Scientists who placed high-tech listening instruments in the Cook Strait believe they've picked up the sounds of a little-understood and rarely sighted species of whale.
Niwa scientists confirmed the presence of the yet-to-be identified beaked whales by analysing underwater acoustic data collected during two six-month deployments of six passive acoustic moorings.
In the first project of its kind in New Zealand waters, the moorings recorded the entire underwater soundscape of the region, including sounds produced by marine mammals.
One of the aims of the project, just featured in the latest issue of the Journal of the Acoustical Society of America, was to learn more about the presence and distribution of whales and dolphins in the region.
But the two types of signals from beaked whales were identified in the Cook Strait region differed from any beaked whale signals previously documented.
There were about 22 species of beaked whales globally, of which about 13 had been found in New Zealand, but very little is known about them.
Sightings are rare because they are deep-diving animals that can spend more than an hour on a single dive and surface for a very short time.
"Most information about their presence in New Zealand waters has come from people reporting whale strandings but it is very limited," said Niwa marine mammal expert Dr Giacomo Giorli, who carried out the work with colleague Dr Kim Goetz and JASCO Applied Sciences experts.
"We really know very little about their behaviour."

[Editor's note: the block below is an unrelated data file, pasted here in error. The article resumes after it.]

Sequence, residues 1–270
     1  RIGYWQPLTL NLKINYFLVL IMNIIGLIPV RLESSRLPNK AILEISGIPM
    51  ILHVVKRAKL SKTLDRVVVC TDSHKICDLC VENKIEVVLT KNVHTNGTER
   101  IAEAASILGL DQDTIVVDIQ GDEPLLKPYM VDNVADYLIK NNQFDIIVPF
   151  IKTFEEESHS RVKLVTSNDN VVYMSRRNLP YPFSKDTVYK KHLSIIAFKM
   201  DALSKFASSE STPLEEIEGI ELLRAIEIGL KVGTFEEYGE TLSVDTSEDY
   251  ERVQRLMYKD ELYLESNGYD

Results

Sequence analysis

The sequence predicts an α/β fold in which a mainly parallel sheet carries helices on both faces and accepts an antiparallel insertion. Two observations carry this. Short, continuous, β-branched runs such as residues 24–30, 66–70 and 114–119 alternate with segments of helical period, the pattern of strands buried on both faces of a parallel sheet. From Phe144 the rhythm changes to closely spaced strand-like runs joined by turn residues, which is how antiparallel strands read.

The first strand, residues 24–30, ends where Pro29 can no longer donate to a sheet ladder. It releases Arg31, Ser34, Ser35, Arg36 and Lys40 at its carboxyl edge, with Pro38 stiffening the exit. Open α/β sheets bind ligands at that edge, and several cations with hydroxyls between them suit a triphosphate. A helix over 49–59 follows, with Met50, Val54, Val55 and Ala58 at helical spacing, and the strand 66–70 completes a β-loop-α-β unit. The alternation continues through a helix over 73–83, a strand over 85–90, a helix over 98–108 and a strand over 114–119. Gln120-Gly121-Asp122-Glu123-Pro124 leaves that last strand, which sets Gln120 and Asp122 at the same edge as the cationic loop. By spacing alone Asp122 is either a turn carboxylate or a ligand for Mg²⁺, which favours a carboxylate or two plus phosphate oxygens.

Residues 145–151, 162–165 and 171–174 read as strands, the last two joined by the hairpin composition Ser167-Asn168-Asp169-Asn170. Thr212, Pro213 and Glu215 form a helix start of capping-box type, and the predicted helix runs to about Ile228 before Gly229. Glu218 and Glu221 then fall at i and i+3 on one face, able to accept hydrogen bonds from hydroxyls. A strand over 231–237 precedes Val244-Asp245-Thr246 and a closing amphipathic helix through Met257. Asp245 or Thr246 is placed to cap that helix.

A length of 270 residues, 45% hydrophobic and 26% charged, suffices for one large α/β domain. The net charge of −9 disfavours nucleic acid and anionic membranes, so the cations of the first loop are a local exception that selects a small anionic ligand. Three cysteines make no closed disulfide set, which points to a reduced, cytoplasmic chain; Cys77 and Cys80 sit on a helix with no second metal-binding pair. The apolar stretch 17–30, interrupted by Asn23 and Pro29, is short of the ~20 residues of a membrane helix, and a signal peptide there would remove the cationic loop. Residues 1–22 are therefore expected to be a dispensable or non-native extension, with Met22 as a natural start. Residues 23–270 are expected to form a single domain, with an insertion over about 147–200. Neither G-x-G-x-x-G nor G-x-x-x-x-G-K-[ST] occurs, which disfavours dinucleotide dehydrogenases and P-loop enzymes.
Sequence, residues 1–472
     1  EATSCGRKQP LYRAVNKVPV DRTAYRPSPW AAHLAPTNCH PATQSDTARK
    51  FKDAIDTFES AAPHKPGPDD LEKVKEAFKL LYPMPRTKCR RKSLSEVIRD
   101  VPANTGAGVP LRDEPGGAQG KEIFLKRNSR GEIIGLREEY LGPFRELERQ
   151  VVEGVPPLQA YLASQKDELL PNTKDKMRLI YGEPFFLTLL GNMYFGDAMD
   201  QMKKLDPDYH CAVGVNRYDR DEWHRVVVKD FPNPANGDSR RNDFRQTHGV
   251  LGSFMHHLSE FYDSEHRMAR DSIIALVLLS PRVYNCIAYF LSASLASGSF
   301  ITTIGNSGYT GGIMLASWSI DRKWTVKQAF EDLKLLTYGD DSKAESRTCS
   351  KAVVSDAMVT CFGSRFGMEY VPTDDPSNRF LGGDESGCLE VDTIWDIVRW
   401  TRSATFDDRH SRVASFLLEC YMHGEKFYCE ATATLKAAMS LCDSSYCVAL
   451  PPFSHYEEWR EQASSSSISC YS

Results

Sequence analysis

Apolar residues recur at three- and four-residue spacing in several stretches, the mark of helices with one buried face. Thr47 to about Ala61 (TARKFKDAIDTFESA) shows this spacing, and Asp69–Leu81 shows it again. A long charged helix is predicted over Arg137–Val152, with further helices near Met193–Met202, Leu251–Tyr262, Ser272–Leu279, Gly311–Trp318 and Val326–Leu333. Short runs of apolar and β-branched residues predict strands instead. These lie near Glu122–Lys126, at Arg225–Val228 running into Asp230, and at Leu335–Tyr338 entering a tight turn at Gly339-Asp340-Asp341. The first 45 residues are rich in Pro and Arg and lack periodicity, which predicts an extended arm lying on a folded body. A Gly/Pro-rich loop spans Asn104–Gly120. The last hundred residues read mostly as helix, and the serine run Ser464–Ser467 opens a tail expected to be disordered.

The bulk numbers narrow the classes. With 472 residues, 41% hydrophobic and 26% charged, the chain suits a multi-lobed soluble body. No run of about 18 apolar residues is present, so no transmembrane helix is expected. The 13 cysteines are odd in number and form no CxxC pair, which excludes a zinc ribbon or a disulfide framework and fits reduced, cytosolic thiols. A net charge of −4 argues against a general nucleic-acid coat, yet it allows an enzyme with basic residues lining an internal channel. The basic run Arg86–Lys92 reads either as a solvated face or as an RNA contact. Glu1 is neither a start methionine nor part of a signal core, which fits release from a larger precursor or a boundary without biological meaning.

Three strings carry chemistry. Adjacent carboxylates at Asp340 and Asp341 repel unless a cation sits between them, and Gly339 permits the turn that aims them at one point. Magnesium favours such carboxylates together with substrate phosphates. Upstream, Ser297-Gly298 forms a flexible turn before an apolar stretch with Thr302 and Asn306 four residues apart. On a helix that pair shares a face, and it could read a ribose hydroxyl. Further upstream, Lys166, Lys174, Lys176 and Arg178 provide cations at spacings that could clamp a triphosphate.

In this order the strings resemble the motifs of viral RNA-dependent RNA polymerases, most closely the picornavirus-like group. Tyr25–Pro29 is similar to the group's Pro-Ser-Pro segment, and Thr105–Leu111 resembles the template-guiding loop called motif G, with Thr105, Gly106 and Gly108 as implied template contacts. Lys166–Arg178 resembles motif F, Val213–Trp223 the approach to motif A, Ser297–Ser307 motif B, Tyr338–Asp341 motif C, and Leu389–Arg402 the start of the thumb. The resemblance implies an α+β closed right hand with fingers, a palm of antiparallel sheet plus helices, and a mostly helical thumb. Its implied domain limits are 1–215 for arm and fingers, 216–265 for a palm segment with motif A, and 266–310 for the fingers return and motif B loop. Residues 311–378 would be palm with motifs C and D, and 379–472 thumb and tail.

What was known is that beaked whales, like all toothed whales, such as dolphins, sperm and killer whales, used echolocation, emitting sounds and listening to the echoes, to locate prey in the dark deep-sea environment.
The new signals were extracted using a multi-step process.
First, an automated detector was applied, which was then validated through manual analysis.
This process involved researchers examining a subset of the detections by looking at spectrograms - visual pictures of sound frequencies – to verify that the detections were correct.
A click-by-click analysis was then undertaken.
From the reviewed subset of the data, which comprised just 1 per cent of the total collected, three distinct beaked whale signals were detected.
One matched the Cuvier beaked whale – one of the most commonly seen beaked whales – but the other two did not match those from any previously recorded beaked whale species.
Giorli speculated that the most likely possibility, based on stranding records, is that the signals belong to the Gray's and strap-toothed beaked whales.
But matching the recordings of the beaked whales to the correct species could only be done by concurrent visual and acoustic observation, which had not happened yet.
The next stage was to examine the rest of the data set for similar signals to determine how often the sounds from the unidentified beaked whales were recorded.